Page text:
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Hurry-cains, and Helpers

Paul-W5lz

Member
Jul 12, 2017
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Anyone been following the Harvey and Irma threads in the other forums? Seems to be lots of people (hams) wanting to help without the slightest idea of how to go about it properly. "I'll just load up and go down there and set up!", that sort of thing. No idea of what's required, what's wanted and NOT wanted. It seems like people think it's so simple...
 

Well, A few yrs ago, when I lived in the Punta Gorda Fl area, Hurricane Charlie (a strong CAT 4) arrived (on Fri the 13th BTW) and the eye went over my house.

There was little to no response from the local Amateur community. The only real help came from the SATERN group a few days later.

If you were not a trained member of Satern, they thanked you and turned you away
 
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I personally admire their heart and gumption. Should more planning be involved? Perhaps. But ask the one person, or persons, they wind up helping once they get there and get things figured out if their effort was worth it. I think we all know what the answer will be.

Hurry-cains? I think anyone who's lost a loved one, pet, their home or belongings and in need of help would be disappointed in such wordplay and the gist of the subject matter.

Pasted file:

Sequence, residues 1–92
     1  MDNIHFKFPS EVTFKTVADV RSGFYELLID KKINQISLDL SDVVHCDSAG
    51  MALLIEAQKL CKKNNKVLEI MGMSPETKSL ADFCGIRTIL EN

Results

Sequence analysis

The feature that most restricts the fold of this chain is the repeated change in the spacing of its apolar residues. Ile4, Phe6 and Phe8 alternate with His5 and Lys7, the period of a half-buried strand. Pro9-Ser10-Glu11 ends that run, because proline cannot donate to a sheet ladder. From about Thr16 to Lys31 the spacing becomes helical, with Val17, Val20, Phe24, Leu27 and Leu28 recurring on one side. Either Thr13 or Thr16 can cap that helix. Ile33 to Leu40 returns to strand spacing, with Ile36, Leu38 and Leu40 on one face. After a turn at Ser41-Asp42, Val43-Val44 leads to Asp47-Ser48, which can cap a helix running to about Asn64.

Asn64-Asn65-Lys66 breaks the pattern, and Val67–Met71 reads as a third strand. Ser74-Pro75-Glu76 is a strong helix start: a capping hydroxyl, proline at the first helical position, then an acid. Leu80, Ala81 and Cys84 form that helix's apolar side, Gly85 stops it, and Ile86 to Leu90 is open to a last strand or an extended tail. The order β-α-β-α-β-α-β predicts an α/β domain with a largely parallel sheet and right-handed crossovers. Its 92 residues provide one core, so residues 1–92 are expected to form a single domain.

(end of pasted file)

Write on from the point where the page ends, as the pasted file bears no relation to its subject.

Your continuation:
I have to agree with Paul-W5LZ. A lot of these eager-beavers have a gung-ho attitude and are in it as much for themselves as the people they supposedly want to help. In most cases of natural disasters they do NOT want unsolicited help arriving as it simply adds to the drain on existing resources. Anybody arriving for rescue operations should be able to be self sufficient for up to a week so as not to strain meager resources. They should also be WELL trained in communications protocols so as not to interfere with radio traffic or slow it down. The big thing to consider also is just how are they going to get there when commercial air traffic has been suspended to allow for disaster assistance flights as was the case in Haiti several years ago in the aftermath of the massive earthquake. Many of these hero-wannabe expect to fly in on a commercial flight, be able to walk into a disaster area and plug his radio into someones generator (if he does not expect his little Li-ion battery pack to last forever) and have someone serve him meals while he saves the day. I commend folks that actually do help as part of an organized effort however there are a great many people that simply have no business being there in that situation and are better at home listening to the traffic.
 
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Running down to a disaster area, especially in the midst or immediate aftermath of the disaster, with absolutely NO plan.... that does strike me as less than wise.
***********************

I'm reminded of a HAM that I once knew. 20+ years ago, a hurricane hit his area. This guy is an Eagle Scout, and takes the motto "Be Prepared " to the extreme. Thus, his house was the only house with power for the next couple of weeks. Also, he's got radio equipment. Lots of it.

Long story short, he invited the relevant government agencies into his house, they took him up on the offer, and his house became Command Central; they were able to use his radio equipment and power for communication purposes. Also, they drank his coffee and watched his televisions, lol.

He was quite delighted to have been of service. If he ever gets the opportunity, he'd do it again.